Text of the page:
I envision the tiny bedroom closet in my duplex on Washington Street, the explosion of dresses and skirts and slacks hung any which way I can get them to fit in the too-small space. Every morning I go through the same ritual of digging through the closet to find a desired item, tossing aside everything else, and leaving a jumble of garments on the bed. I often come home from work to find Aslan curled in a cozy, purring ball amid my rumpled clothing.

This wardrobe, in comparison, looks as though nothing is ever out of place. With a closet as large and thoughtfully arranged as this, certainly one could find items to match any article of clothing, perfectly and appropriately, for any given occasion.

I slip on the blue bathrobe, which is comfy, as I noted last time I was here, but a bit subdued for my tastes. Belting it about my waist, I quietly open the bedroom door.

The house, as far as I can surmise, is a split-level. It’s modern, definitely built after the war, probably within the past decade. Our bedroom, Lars’s and mine (how odd that sounds!), is on the first floor, with our bathroom accessible only through the bedroom. You see that in these contemporary houses, a bathroom via the master bedroom. En suite, they call it. The sliding glass doors beside the bed presumably lead to a patio and the backyard. Peering out the bedroom doorway, I find a hallway to my left, with a door at the end that is ajar and looks as if it might lead to an office. To my right, I see the living room and the front door of the house. The walls are a pale gold and the door is aqua blue. Now, that’s more like it, I think; at least I appear to have some color sense in my interior decorating.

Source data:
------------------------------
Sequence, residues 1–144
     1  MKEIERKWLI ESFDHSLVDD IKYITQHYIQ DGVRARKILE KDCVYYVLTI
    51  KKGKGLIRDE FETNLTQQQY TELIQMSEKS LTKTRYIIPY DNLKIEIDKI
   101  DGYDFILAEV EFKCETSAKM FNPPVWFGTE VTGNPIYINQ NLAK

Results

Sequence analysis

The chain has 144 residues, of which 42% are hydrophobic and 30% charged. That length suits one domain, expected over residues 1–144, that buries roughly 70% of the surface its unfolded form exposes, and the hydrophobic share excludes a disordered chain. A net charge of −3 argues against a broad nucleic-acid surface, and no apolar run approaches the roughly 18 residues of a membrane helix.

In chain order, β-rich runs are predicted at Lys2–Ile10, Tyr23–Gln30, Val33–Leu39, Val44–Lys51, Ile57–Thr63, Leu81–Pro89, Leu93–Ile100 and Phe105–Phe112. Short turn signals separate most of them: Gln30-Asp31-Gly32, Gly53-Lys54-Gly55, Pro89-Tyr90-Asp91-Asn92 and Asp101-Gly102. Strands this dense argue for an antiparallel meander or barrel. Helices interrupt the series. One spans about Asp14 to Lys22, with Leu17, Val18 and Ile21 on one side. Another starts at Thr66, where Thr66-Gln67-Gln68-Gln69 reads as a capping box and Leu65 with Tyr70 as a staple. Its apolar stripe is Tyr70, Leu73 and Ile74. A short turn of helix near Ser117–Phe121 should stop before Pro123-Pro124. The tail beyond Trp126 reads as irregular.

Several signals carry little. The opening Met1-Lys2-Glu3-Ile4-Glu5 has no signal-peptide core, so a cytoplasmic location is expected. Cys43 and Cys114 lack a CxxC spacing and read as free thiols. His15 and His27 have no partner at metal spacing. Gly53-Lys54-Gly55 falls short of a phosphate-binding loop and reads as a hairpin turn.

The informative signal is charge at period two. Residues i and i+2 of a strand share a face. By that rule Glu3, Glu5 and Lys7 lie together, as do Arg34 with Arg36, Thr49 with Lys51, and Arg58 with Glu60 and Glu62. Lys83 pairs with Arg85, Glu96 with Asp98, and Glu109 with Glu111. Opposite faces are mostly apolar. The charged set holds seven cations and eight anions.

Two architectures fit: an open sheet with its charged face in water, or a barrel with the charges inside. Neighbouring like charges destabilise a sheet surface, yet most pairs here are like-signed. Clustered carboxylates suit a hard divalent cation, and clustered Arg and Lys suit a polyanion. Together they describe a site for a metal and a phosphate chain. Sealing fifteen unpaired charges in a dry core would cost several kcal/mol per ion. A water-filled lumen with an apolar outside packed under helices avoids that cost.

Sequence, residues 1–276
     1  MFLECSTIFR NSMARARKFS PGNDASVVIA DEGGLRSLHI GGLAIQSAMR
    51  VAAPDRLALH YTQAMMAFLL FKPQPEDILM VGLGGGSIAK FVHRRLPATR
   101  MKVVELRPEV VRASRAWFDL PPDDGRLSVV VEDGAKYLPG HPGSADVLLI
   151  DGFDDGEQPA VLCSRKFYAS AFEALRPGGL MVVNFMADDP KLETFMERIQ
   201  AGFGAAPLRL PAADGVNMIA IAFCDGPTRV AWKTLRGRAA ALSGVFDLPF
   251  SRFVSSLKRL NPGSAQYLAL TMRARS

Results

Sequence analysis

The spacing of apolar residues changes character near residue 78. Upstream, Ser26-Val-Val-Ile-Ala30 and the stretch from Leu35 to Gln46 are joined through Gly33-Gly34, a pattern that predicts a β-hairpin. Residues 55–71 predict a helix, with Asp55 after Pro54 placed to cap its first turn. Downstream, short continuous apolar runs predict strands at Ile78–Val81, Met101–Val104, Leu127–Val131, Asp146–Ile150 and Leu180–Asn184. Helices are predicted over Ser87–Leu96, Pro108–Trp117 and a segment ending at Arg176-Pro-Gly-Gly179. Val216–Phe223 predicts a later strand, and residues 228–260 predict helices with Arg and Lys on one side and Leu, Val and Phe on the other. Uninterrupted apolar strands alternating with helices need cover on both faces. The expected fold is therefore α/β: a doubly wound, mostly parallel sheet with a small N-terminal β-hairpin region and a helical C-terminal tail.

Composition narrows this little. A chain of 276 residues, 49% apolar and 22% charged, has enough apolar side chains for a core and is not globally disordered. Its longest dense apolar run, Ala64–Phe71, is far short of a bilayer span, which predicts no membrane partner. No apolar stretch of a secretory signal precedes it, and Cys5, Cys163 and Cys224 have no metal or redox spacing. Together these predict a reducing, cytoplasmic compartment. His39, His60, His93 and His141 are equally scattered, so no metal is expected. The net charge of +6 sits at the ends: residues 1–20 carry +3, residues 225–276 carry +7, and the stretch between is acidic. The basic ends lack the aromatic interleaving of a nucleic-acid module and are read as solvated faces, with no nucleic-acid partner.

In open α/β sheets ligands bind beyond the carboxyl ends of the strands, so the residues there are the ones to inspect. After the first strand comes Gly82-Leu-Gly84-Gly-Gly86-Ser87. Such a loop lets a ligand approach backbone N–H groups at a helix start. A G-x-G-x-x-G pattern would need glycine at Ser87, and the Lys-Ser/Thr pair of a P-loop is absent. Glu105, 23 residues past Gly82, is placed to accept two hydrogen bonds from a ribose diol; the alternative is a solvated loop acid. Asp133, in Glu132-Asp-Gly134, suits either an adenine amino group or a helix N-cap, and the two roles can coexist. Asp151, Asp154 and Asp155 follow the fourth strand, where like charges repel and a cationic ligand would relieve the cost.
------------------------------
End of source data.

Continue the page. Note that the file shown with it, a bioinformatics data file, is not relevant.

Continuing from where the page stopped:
Somewhere in front of me, blocked from my line of vision by the hallway, I can hear Lars and the children in what must be the kitchen. I know from my previous experience that the children’s bedrooms are up the half flight of stairs just off the entryway. The stairs also go down a half flight, likely to a laundry or rumpus room, or possibly both.

Instead of heading toward the family and its noises, I slip down the hall to my left. The walls are decorated with photographs. All except the first one, the one that can be seen from the bedroom doorway, are pictures of people. That photograph—the mountain scene—still mystifies me. I step back to stare at it for a few seconds. But again, I cannot determine where it might be.

It’s then, however, that I realize the placement of this photograph is no accident. While the other frames hold pictures of children, ancestors, family gatherings, this photograph has intentionally been positioned exactly where it is. From the bedroom—no, not just from the bedroom, but from the bed—one would be viewing this scene. Not looking at photographs of children or grandparents.

Pretty clever, I congratulate myself—if indeed this arrangement was my idea.